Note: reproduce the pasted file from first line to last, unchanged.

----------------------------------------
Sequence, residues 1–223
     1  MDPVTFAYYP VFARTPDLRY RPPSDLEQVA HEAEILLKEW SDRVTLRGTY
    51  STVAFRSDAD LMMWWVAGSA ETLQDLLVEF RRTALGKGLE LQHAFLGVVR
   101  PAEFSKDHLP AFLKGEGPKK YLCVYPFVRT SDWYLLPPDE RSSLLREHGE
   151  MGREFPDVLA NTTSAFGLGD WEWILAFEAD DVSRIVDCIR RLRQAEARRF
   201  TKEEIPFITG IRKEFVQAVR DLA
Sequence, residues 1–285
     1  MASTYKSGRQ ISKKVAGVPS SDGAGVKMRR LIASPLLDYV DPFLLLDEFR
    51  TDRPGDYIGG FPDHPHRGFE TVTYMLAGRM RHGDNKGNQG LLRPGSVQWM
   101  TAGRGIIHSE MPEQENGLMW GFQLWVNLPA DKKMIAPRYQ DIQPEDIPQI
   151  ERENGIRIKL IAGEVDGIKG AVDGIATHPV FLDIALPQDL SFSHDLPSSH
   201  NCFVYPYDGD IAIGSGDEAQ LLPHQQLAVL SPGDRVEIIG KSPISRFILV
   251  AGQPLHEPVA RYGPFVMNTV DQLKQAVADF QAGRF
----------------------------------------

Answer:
Sequence, residues 1–223
     1  MDPVTFAYYP VFARTPDLRY RPPSDLEQVA HEAEILLKEW SDRVTLRGTY
    51  STVAFRSDAD LMMWWVAGSA ETLQDLLVEF RRTALGKGLE LQHAFLGVVR
   101  PAEFSKDHLP AFLKGEGPKK YLCVYPFVRT SDWYLLPPDE RSSLLREHGE
   151  MGREFPDVLA NTTSAFGLGD WEWILAFEAD DVSRIVDCIR RLRQAEARRF
   201  TKEEIPFITG IRKEFVQAVR DLA
Sequence, residues 1–285
     1  MASTYKSGRQ ISKKVAGVPS SDGAGVKMRR LIASPLLDYV DPFLLLDEFR
    51  TDRPGDYIGG FPDHPHRGFE TVTYMLAGRM RHGDNKGNQG LLRPGSVQWM
   101  TAGRGIIHSE MPEQENGLMW GFQLWVNLPA DKKMIAPRYQ DIQPEDIPQI
   151  ERENGIRIKL IAGEVDGIKG AVDGIATHPV FLDIALPQDL SFSHDLPSSH
   201  NCFVYPYDGD IAIGSGDEAQ LLPHQQLAVL SPGDRVEIIG KSPISRFILV
   251  AGQPLHEPVA RYGPFVMNTV DQLKQAVADF QAGRF